“France's Haunting Past: Recent Debates on Twentieth Century French History and National Identity” is a five-week college and university faculty seminar for sixteen participants to examine recent debates in France concerning Vichy and the Holocaust. Directed by Richard Golsan (French, Texas A&M University) and hosted by the Institut d’Histoire du Temps Présent (IHTP), the seminar takes place in Paris, France. Focusing on the key events and debates concerning the Vichy past and French complicity in the Holocaust, the seminar seeks answers to several difficult and pressing questions: Why have the conflicts and traumas of the war years become so controversial in contemporary France? Why do they play such a central role in French political and cultural life? What do they tell us about French national identity at the present time? Do these events contribute to a better understanding of the historical realities of the 1930s and 1940s, or do they distort public perceptions of those realities? What can the French experience tell us about the complicated relationship between “history” and “memory”? The seminar approaches these questions through an exploration of four key areas: 1) France’s experience of devastating destruction during World War I, 2) Vichy and the so-called années noires, 3) the controversy sparked by the publication of The Black Book of Communism, 4) the history and memory of the Algerian War. Readings include: Henry Rousso, Vichy: An Ever Present Past; Richard Golsan, Vichy’s Afterlife: History and Counterhistory in Postwar France; Robert Laffont (ed.), The Black Book of Communism; Patrick Modiano, Dora Bruder; Paul Aussaresse, The Battle of the Casbah; François Maly and Benjamin Stora, François Mitterrand et la guerre d’Algérie; and Pascal Bruckner, The Tyranny of Guilt. Guest scholars Henry Rousso (IHTP), Nathan Bracher (Texas A&M University), Annette Becker (L’université de Paris X-Nanterre), Pascal Bruckner (L’Institut d’Études Politiques), Malika Rahal (IHTP) and Nicholas Werth (Centre National de la Recherche Scientifique) lecture and lead site visits to the Mémorial de la Déportation and the Mémorial de la Shoah, the Mont Valérien and the Mémorial de la France Combattante, and the Douaumont Ossuarium.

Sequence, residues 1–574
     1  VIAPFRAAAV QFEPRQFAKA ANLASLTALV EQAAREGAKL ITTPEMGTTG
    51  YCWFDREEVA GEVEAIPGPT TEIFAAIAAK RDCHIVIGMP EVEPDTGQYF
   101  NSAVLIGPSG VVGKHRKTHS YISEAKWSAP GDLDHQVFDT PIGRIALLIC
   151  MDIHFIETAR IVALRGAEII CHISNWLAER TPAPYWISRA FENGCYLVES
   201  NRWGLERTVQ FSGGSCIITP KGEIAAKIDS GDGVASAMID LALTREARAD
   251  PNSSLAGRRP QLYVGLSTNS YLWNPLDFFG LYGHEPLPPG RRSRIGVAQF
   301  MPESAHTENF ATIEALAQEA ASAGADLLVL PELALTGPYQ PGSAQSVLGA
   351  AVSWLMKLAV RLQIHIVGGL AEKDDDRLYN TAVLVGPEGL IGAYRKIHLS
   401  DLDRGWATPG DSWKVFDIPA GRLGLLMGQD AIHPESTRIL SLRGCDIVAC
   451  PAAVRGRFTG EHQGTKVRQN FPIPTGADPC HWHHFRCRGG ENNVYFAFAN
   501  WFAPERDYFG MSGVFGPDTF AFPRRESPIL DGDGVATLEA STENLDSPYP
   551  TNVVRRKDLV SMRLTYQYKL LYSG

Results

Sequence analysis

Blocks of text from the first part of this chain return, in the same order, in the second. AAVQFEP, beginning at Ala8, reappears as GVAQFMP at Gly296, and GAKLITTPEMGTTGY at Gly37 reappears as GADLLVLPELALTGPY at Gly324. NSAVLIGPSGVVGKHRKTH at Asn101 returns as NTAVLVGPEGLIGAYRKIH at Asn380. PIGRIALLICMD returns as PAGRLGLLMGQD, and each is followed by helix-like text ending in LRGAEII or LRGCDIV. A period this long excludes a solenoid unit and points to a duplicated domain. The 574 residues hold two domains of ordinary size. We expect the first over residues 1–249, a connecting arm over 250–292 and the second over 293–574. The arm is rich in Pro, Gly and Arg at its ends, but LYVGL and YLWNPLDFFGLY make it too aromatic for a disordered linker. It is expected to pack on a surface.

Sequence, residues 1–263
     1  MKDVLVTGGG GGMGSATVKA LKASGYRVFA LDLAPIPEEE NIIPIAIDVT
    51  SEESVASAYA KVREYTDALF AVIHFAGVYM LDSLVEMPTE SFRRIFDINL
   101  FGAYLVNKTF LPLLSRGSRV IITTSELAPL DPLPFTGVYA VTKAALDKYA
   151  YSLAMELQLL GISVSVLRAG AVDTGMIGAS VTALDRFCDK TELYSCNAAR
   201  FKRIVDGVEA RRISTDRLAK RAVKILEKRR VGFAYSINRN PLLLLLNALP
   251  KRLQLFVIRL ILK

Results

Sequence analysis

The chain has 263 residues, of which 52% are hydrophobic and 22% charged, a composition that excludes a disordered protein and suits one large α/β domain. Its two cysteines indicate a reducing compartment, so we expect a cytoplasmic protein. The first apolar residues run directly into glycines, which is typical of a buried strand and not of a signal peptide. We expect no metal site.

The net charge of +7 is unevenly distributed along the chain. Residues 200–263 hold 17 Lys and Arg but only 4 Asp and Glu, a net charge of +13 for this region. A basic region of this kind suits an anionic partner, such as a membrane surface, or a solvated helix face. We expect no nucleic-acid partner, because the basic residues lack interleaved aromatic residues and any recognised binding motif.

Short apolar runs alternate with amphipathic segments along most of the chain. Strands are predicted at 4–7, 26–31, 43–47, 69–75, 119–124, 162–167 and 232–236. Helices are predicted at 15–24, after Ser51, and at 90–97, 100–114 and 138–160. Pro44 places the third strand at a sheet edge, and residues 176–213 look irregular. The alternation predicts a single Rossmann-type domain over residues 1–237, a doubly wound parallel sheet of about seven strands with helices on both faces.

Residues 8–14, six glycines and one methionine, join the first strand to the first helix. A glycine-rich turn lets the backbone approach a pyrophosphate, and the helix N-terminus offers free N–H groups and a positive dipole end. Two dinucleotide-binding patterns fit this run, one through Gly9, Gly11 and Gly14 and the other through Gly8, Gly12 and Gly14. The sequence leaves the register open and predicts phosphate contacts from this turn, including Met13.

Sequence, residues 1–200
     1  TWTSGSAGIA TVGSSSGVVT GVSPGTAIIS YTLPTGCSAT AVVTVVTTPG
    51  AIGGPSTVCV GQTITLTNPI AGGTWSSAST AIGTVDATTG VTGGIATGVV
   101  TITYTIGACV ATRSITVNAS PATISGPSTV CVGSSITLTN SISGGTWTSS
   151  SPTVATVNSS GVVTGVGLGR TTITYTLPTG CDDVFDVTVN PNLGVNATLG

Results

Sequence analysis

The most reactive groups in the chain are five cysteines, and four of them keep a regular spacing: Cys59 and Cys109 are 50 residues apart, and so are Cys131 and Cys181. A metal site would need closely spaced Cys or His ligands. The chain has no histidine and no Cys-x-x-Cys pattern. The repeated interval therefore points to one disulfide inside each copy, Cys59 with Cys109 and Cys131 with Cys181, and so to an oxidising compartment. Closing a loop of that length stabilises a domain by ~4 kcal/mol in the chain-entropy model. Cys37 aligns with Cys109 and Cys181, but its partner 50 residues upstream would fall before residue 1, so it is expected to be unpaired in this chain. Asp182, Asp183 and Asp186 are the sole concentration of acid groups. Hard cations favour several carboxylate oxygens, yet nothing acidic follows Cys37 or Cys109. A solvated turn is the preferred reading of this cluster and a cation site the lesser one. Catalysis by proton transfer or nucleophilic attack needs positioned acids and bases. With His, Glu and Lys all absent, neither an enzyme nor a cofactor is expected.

France's Haunting Past: Recent Debates on Twentieth-Century French History and National Identity
Summer Seminars and Institutes for College and University Teachers
Postmark Deadline: March 1, 2012
About NEH Summer Seminars and Institutes for College and University Teachers
Each year the NEH’s Division of Education Programs offers teachers opportunities to study a variety of humanities topics in Summer Seminars and Institutes. Each NEH Summer Seminar includes sixteen participants working in collaboration with one or two leading scholars. Participants have access to a major research collection, with time reserved to pursue individual projects.
Amount of Award
NEH Summer Scholars are awarded fixed stipends to help cover travel costs, books and other research expenses, and living expenses. Stipend amounts are based on the length of the NEH Summer Seminar or Institute: $2,100 (2 weeks), $2,700 (3 weeks), $3,300 (4 weeks), $3,900 (5 weeks), or $4,500 (6 weeks).
NEH Summer Seminars and Institutes are designed primarily for teachers of American undergraduate students. Qualified independent scholars and those employed by museums, libraries, historical societies, and other organizations may be eligible to compete provided they can effectively advance the teaching and research goals of the project.
You may request information about as many projects as you like, but you may apply to no more than two NEH Summer Programs (seminars, institutes, or Landmarks workshops) and you may attend only one.
Adjunct faculty, community college faculty and first-time participants are encouraged to apply.
Up to two seminar spaces and three institute spaces are reserved for current full-time graduate students in the humanities.
How to Apply
For more information and application instructions, please visit the program website listed above.